Because of my fairly short consecutive sentences, I was only able to work down my second to seven months. In total, I did just over three “extra” months vs being sent to DOC much earlier. While this is not a great deal of time, I had absolutely no chance to work down these sentences to the minimum. Please don’t receive this as a complaint, I simply wanted to provide some on-topic information. Hope this was interesting or helpful!

  5. Does getting married while in prison give you any merit days or days off your sentence?

  6. Jordan S: An inmate does not receive meritorious time for getting married.

    • How do you go about getting married in a NC STATE PRISON?

  7. my boyfriend has a 8 month sentence no mon or max will he be able to work that down. i had a dui taht was 6 months cut down to 90 days and i did 77 days so he shouldnt do the whole 8 months right?

  8. How MUCH TIME DO AN INMATE HAVE TO SERVE ON A 180-224 months +265 days credit in jail SENTENCE WITH GOOD BEHAVIOR AND A JOB + IN A PROGRAM? ALSO WANTED TO KNOW,DO YOU HAVE ANY INFORMATION ON TIME CUT…THANK YOU SO MUCH

  9. If you are placed on probation for 30 mons and violate 7 mons in and they make your sentence active…Do they subtract the 7 mons or do you have to pull the entire 30 month sentence. Please Help!!!

  10. My son got 12 to 34 months in Indian springs NV after he served 7 months they added another 5 months saying that the judge made a mistake when he said the sentence would run concurrant. He wasn’t brought back to court he was just sent a letter from his lawyer siteing
    statues. This was so wrong and I don’t now how offender management
    got away with doing this. I was under the impression that once the JOC
    is signed it a done deal. Now because he is disabled they are adding
    another six days a month to his sentence is this legal? He is supposed to
    be released on parole Nov. 4,2012 but because of the extre 6 days per
    month he won’t be released until Nov. 22, 2012

  11. My husband is current serving time in our local jail. He recently requested solitary confinement due to another inmate trying to start trouble that he didn’t want a part of. I was told by another resident here that inmates who request solitary confinement can be given credit for that as well. Can you tell me if this is true? Thanks for any help.

  12. My fiancee is in prison in NC he has been working on the task force for 31daysYou now. I was told if you work on the task force you get 28days a month credit. His projected release date is 3-18-13 but it is suppose to drop now since he get 28days a month. I am so confused can someone help me with this question?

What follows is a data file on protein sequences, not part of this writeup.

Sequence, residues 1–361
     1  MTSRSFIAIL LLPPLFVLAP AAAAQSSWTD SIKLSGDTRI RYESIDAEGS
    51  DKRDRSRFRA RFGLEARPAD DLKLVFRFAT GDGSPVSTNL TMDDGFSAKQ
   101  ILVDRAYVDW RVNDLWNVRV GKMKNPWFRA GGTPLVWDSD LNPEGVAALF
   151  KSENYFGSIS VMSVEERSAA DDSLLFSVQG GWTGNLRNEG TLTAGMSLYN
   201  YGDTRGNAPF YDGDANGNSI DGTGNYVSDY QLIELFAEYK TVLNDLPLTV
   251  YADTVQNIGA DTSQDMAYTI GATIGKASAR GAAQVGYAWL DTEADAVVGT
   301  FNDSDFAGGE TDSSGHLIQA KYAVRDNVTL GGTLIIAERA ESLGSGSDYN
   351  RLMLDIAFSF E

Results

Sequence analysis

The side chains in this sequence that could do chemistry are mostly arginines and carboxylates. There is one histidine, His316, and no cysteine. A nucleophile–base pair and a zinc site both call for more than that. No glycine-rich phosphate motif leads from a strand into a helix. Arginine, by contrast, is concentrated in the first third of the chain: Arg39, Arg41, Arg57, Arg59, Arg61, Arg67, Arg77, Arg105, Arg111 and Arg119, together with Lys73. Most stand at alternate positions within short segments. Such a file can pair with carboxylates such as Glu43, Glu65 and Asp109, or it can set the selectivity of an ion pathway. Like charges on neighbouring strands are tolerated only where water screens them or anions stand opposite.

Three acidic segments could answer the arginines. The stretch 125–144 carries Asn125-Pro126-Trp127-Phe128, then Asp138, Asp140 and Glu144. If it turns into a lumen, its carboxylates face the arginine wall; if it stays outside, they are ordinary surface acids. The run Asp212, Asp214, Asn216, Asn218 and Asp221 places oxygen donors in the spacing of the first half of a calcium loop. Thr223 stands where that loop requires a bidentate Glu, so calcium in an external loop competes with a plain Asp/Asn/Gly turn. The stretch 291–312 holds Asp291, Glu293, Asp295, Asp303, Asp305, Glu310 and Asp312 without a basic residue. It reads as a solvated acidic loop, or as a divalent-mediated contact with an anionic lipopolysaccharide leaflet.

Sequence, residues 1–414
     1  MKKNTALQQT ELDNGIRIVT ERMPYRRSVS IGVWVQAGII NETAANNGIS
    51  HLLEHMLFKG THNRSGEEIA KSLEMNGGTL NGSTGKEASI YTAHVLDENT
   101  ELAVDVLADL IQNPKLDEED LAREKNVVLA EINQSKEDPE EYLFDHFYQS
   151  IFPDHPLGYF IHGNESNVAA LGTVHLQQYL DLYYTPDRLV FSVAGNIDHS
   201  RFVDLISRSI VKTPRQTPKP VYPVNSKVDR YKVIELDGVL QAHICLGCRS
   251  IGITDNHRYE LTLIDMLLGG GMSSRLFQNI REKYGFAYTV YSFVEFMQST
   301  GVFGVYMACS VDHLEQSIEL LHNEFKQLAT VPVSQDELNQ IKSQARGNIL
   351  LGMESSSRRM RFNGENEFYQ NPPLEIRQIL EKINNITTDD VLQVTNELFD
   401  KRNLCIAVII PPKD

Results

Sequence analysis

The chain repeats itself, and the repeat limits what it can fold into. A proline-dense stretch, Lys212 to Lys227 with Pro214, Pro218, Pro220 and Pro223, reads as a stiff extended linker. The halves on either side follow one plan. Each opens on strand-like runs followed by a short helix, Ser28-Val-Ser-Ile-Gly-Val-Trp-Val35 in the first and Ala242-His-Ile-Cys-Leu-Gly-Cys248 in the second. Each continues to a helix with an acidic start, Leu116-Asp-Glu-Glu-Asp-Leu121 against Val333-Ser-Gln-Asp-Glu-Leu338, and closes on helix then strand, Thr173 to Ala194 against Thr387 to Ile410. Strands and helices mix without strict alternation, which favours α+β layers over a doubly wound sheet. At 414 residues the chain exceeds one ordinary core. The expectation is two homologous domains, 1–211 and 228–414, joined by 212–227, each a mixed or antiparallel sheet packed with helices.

13. This entire article was extremely helpful. What does the term “time cut” entail? Is there such a term? My son was sentenced to 38-58 months for a felony. He was a first time offender and that was the minimum.
    Thank you in advance.

  14. My fiance is in jail right now he got sentenced 12-24 with an ASR which reduced it to 11 months but his lawyer told him that he would only be going for 9 monthsand 11 days but he recieved his judgement saying 11 months in prison buthe gets work release. He called methe other night and told me if we got married while he was in prison it would knock off a month and a half off his sentence?

  15. My bf is 16& has 2 conspiracy. 1 misdemeanor & 2 felony ‘s. He was charged with gun assault & robbery! How long do u thunk he wikl have?

  16. My sister inquired about this program … without my nephew (her son in law) agreeing to participate. He’s been told he’s going to be moved … he had to participate … there’s nothing be can do. The reduction in time is not worth the change in location. If he’s moved, he cannot see his daughter and his seriously ill mother!

    How can they MAKE him participate?

    The few days he would gain are not as many days of visitation he will miss with his child and parent!

  17. If an inmate has been sentenced to 110 with 62 days jail credit and is serving his time in the county jail does he have to do only 85% of his time. Will they ship him out if he only has 39 days left on his sentence in north carolina

  18. If an inmate was sentenced to 110 days with 62 days credit for time served, does he have to serve the whole 48 days or does he have to serve only 85% of his sentence? Will he get shipped to prison if he has 40 days left?

  19. My boyfriend may get a 1to 6 how much time does he have to serve before he’s eligible for parole .or release